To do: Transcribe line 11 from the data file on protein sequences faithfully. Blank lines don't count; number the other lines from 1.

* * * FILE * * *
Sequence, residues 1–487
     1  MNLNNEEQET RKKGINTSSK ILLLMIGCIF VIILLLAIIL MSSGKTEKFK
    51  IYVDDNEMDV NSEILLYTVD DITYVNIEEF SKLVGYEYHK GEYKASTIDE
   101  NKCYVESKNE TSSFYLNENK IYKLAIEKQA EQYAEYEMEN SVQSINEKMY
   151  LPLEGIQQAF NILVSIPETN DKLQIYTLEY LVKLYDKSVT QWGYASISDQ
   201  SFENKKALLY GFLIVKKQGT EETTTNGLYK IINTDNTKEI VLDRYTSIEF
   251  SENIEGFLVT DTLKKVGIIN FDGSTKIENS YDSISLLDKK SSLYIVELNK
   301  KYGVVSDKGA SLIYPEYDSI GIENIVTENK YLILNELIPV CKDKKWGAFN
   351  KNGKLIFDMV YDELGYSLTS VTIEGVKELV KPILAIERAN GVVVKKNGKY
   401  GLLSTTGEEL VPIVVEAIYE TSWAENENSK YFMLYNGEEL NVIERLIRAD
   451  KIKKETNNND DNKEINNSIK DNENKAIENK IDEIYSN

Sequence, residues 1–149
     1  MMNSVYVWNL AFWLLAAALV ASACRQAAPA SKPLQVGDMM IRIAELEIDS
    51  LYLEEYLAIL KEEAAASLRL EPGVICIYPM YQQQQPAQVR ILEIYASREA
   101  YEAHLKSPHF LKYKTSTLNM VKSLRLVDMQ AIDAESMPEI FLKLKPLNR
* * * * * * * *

   451  KIKKETNNND DNKEINNSIK DNENKAIENK IDEIYSN